Prototype designs competing to be the US Army’s new Future Attack Reconnaissance Aircraft (FARA) likely will not fly until 2024, according to army officials.

While Sikorsky’s Raider X and Bell’s 360 Invictus were previously scheduled to lift off for the first time this autumn, a new delay in completing the common engine for the two experimental aircraft has shifted that date by several months.

A 3D printed model of the GE T901 engine hangs from its sling waiting to be installed in an UH-60M c US Army

Source: US Army

A 3D-printed model of the GE Aerospace T901 engine. Bell and Sikorsky have used the mock-up to continue design and fit testing of their FARA prototypes, even without the actual engine

The army’s Programme Executive Office (PEO) overseeing aviation platforms tells FlightGlobal the GE Aerospace T901-GE-900 Improved Turbine Engine (ITE) that will power the FARA aircraft will now be delivered to Sikorsky and Bell in the early part of the government’s fiscal year 2024, which starts on 1 October.

“The [ITE] engine will be delivered to FARA vendors [in] early FY2024,” the PEO says.

That change means the first flight will likely not happen until calendar year 2024, according to the army’s top acquisitions official, assistant secretary Doug Bush.

“Assuming things go well, you have to start with ground testing,” Bush said at a McAleese industrial conference in Washington DC on 15 March.

Bush notes “a lot of diligence on the ground” will be required before the new FARA competition aircraft take flight. He says that will cause some change to the FARA test schedule, but not a substantial delay.

“I think we are still on track for next year,” Bush says of first flight. He describes the possible delay as “months, not years”.

Manufacturers of the FARA prototypes had previously aimed for their aircraft to make first flight in the autumn of 2023. That date already represented a one-year delay to an earlier schedule, which had competitive testing starting sometime in 2022 or early 2023.

The PEO aviation office confirms Bush’s assessment. However, the office says the overall FARA decision schedule is not impacted.

“The ITE delay does not impact FARA’s source selection date,” it adds. “Source selection to a single vendor will occur after thorough technical evaluations are completed on the submitted proposals.”

Army budget documents indicate the service is targeting the middle of FY2025 for “Milestone B” – the point at which a procurement programme switches from technology development to selection of a final engineering and manufacturing specifications. 

OH-58D Kiowas - US Army

Source: US Army

The US Army retired the Bell OH-58 Kiowa Warrior in 2017. The service has since used a combination of Boeing AH-64 Apaches and unmanned aerial vehicles to fill that role

GE Aerospace tells FlightGlobal that the recent delay is not the result of an engineering issue, but rather of supply chain delays that affected a “small number” of ITE components.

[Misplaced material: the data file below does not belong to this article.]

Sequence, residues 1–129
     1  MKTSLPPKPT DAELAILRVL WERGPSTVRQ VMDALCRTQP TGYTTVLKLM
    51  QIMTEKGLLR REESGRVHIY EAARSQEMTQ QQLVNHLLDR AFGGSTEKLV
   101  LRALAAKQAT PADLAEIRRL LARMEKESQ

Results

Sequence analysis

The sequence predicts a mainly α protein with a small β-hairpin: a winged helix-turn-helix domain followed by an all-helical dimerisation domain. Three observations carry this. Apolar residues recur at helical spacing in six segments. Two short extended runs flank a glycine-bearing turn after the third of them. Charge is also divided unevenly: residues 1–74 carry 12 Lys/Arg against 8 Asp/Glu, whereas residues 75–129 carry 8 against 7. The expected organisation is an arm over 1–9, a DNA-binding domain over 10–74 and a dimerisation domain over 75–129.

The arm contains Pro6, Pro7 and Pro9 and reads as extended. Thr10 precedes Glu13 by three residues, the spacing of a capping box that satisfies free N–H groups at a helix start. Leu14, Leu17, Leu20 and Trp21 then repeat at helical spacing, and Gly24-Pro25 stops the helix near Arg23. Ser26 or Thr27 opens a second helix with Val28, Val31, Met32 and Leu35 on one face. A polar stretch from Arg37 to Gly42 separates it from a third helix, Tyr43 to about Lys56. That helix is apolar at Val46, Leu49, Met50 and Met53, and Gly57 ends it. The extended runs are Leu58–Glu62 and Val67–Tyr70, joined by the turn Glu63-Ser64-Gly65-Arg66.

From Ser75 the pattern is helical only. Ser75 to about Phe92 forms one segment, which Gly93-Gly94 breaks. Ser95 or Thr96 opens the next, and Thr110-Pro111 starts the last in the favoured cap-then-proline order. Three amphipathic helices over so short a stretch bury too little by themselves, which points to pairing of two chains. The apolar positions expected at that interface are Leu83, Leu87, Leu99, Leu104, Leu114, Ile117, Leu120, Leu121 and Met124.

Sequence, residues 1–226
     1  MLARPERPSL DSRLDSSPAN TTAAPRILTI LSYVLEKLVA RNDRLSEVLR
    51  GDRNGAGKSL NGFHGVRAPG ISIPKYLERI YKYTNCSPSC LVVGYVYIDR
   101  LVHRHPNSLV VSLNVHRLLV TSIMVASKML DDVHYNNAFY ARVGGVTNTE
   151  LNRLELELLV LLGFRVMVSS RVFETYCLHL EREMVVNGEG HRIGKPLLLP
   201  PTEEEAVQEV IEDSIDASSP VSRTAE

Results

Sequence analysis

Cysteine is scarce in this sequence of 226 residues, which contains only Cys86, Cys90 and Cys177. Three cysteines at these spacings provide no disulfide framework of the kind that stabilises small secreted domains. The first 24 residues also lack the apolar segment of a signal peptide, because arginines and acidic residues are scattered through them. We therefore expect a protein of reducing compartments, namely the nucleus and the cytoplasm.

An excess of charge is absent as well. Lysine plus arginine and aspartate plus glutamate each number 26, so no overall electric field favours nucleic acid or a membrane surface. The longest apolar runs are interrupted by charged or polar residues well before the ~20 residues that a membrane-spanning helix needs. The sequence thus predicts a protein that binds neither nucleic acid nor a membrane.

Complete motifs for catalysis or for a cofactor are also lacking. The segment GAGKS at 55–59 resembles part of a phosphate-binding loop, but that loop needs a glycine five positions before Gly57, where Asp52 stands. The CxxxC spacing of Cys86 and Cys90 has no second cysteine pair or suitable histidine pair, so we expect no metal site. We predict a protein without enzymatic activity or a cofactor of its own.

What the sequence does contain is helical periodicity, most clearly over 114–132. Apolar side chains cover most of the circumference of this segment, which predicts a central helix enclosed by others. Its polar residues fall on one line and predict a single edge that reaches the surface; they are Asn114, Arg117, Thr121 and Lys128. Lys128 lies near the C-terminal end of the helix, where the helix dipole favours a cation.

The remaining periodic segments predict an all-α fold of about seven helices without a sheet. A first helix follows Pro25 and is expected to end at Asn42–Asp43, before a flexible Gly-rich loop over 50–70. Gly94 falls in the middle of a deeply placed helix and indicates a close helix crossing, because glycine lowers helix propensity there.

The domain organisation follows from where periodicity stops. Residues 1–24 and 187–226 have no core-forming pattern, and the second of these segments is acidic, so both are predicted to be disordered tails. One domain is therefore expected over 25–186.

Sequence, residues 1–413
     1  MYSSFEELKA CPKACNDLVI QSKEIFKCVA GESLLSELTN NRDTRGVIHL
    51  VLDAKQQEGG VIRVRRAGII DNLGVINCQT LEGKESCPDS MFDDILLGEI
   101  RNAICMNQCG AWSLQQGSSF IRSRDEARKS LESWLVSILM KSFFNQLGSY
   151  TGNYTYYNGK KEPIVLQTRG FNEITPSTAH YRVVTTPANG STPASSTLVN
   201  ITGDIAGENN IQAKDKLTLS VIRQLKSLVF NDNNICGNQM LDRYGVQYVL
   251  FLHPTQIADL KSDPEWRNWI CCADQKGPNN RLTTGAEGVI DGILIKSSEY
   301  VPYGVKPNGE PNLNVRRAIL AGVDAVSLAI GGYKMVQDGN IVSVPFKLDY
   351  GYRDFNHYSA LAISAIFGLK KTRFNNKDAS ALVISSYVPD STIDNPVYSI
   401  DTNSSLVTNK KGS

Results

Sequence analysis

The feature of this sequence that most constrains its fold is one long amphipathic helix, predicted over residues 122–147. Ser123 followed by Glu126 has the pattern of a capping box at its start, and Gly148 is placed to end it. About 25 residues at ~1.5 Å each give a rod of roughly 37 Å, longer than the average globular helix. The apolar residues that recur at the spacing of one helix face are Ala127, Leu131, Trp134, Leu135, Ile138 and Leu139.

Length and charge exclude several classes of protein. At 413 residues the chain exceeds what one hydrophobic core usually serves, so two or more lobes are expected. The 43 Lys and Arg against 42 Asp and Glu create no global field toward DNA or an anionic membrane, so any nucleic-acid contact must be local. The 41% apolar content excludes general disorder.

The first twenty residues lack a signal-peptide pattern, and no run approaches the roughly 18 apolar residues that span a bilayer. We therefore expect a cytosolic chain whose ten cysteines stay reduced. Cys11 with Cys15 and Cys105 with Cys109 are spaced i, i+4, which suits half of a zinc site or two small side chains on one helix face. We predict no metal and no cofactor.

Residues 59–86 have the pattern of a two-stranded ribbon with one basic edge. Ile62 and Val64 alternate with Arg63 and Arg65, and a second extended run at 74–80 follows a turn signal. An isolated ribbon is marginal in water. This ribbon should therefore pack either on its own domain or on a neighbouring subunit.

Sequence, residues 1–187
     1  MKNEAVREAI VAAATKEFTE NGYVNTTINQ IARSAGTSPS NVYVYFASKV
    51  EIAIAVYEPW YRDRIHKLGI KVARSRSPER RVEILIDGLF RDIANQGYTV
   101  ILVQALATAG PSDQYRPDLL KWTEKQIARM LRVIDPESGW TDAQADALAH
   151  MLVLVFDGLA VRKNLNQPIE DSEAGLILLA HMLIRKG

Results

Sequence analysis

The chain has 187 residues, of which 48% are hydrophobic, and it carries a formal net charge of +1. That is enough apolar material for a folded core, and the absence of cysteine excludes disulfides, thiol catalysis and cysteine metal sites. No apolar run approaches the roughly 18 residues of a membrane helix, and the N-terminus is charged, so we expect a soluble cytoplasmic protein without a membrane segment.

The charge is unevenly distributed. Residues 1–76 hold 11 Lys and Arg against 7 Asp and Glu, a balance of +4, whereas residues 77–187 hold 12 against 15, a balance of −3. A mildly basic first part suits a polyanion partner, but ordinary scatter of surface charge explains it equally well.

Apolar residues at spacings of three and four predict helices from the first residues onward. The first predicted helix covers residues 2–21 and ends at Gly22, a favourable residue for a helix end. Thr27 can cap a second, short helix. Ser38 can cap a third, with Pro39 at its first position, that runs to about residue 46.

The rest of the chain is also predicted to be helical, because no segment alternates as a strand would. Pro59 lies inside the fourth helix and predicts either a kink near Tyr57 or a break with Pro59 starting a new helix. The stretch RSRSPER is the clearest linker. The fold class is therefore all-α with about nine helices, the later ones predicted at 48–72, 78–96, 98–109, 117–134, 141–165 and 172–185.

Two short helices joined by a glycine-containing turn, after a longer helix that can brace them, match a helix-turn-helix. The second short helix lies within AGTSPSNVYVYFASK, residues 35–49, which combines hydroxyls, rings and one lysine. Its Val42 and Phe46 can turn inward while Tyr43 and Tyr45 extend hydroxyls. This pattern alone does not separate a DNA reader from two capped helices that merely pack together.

“We are laser-focused on execution and working closely with the army to deliver flight-test engines this [autumn] to support the FARA competitive prototypes,” GE Aerospace says.

Bush describes the issue as “manufacturing challenges”.

According to GE Aerospace, ”each engine with be tested, disassembled and inspected, reassembled and retested before delivery”. The company says it has five qualification engines in assembly, in addition to the two flight-test engines for FARA.

The army separately selected GE Aerospace to design the ITE engine that will power the FARA aircraft and replace the current GE Aerospace T700 engine that powers Sikorsky UH-60 Black Hawks and Boeing AH-64 Apaches.

GE Aerospace in 2019 won a contract worth $517 million to produce the new multi-aircraft power plant.

Bell declines to comment on the latest delay. Sikorsky did not specifically address the matter, but says the company is ready to integrate the new engine into both the Raider X and the army’s fleet of UH-60s.

“We look forward to the increased performance and fuel efficiency of the ITE over existing enduring fleet capabilities,” says Jay Macklin, Sikorsky’s business development director for future vertical lift programmes. “We are continuing our risk reduction efforts for Raider X with our S-97 Raider flight test programme.”

The S-97 is a derivative aircraft of Sikorsky’s X2 line, with similar design and flight characteristics to the Raider X prototype. The company has been flying the S-97 in West Palm Beach, Florida to collect flight data and test systems while the FARA aircraft await an engine.

Both Bell and Sikorsky have previously said their rotorcraft are approximately 95% complete. The companies have also recently both showed off nearly completed prototypes of the Invictus and Raider X.

Lockheed subsidiary Sikorsky and Textron subsidiary Bell are also locked in competition for another army aircraft development programme – the Future Long Range Assault Aircraft (FLRAA) replacement for the UH-60.

Bell’s V-280 tiltrotor was selected as the initial winner of that competition last December. However, an official challenge by Lockheed has thrown the decision into uncertainty.

The US Government Accountability Office is set to make a decision in Lockheed’s FLRAA appeal by the end of April.